There is no doubt that Takahashi's artistry and skating skills were visible at the Olympic free skate but his jumps were underroated and wrong edged and he fell once. It's like after he fell he couldn't do a jump right. So Bronze was decided really on spins and steps and just barely beat Lambiel.
Forgot to add: Who addressed to you?It was a general observation I had, it is rather idiotic to address personally and make me a lecture also about behavior here.
Last edited by seniorita; 05-25-2010 at 02:19 PM.
Poor sportsmanship never goes over well in USA unless it is accompanied by a formal apology.
As a very poor sport myself I know this very well.
Here is an interesting blog comment for your persusal:
yes I did, but unfortunately people quote you all the time, so there was no use. Sorry jntfan, I m not playing the game. Have fun.
But you have no idea that single, double, and triple Walleys were not listed, which is what I was trying to find out. I really don't need your guesswork.walley is not included in the scale of values because it's only done as a single jump. I'm sure that the reason it is explicitly considered a "nonlisted jump" is so that skaters can do single rotations from this takeoff without wasting jump slots. They're free to
You seem to be bending on this issue of CoP Listings. A partial listing of an element, is your opinion and not standard ISU writings. I want the whole single, double, triple and yes, the quad listed. Skaters do not have to use them in their programs.[/QUOTE]Now personally I think it would be a good idea to include double walley in the scale of values, with a value greater than that of double axel and maybe greater than the easier triples, even though it's less rotation, to give an incentive for skaters to try to learn it. If there were points for it, we'd be more likely to see it
Opinons are fine.Including triple walley in the scale of values[ would be a purely theoretical. I don't think we will see it in competition before we see quadruple axel.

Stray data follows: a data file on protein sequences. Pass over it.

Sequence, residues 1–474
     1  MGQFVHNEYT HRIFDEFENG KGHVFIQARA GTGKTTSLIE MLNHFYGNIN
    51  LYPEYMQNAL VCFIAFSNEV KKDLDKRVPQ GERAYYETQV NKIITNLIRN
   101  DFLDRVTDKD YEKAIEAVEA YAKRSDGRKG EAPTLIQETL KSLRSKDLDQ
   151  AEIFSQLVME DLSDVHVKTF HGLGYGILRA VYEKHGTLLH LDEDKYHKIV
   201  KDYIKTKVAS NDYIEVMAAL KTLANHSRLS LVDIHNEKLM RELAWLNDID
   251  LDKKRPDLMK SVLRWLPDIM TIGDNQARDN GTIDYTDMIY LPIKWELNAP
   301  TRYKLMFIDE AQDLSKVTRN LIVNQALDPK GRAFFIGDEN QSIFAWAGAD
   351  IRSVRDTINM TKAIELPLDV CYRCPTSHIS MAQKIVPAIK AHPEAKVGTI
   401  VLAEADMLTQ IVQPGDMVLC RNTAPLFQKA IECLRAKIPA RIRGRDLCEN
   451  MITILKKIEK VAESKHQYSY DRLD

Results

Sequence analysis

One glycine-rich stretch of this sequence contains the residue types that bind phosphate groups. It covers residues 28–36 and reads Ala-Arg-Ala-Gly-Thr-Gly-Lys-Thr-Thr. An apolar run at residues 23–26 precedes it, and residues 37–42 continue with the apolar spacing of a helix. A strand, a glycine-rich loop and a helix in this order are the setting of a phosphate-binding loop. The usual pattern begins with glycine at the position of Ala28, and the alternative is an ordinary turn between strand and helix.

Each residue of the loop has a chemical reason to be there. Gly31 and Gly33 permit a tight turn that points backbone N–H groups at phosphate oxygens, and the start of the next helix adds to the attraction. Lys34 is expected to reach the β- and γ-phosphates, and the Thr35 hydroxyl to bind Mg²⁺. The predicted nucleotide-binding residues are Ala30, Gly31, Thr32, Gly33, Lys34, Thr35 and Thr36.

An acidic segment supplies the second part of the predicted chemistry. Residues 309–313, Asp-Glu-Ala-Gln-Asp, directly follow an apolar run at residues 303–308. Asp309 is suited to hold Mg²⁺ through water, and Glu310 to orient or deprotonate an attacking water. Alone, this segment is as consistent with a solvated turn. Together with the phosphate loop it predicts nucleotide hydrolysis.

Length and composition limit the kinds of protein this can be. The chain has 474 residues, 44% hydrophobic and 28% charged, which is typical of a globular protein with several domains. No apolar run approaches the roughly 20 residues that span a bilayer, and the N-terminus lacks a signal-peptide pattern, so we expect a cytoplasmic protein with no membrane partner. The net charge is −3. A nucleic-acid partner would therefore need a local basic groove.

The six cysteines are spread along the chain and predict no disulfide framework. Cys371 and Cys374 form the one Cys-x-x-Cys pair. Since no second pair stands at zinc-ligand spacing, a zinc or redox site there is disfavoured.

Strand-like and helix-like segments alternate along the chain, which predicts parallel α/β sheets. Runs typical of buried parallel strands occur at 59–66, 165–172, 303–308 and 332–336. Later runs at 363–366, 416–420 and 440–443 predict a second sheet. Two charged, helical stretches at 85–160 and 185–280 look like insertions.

Maybe of you took the trouble of the dicussion before you came into the picture.Again, I have no idea what you're trying to convey with this sentence. Maybe if you could choose your words more precisely we could actually communicate with each other.
Kristi Yamaguchi and others had them in their programs. You didn't notice?First things first. Let's see a first double walley in international competition before we start looking for triples.
And quads were all over the place in 1916. Yeah.If they weren't difficult, we would have seen them before there was a scale of values. The fact that maybe two skaters in the whole history of the sport ever attempted double walley in the last few decades of the 20th century and no one ever attempted triple walley, long after triple axelbecame commonplace, tells me that double walley is probably more difficult than triple axel.
Yes, but to make up interpretatiions with regard to the intent of the drafters of the SoVs, in reply to simple questions, can be misleading.The above is my understanding. No, I haven't seen an official explicit explanation from the people who wrote the scale of values.
But note that their absence from the SoV does not mean that they are considered "illegitimate" or that they are "banned." When you throw around words like that, you confuse the issue.
They are absent from the scale of values. That's it. Why? So that skaters can use the single jumps as transitions without wasting jump slots. And because no one ever used to do the doubles or triples under the old system, so there was no expectation that anyone would or could do them now.
Last edited by Joesitz; 05-25-2010 at 05:07 PM.
It is hard to find the documentation. Especially when it's misspelled.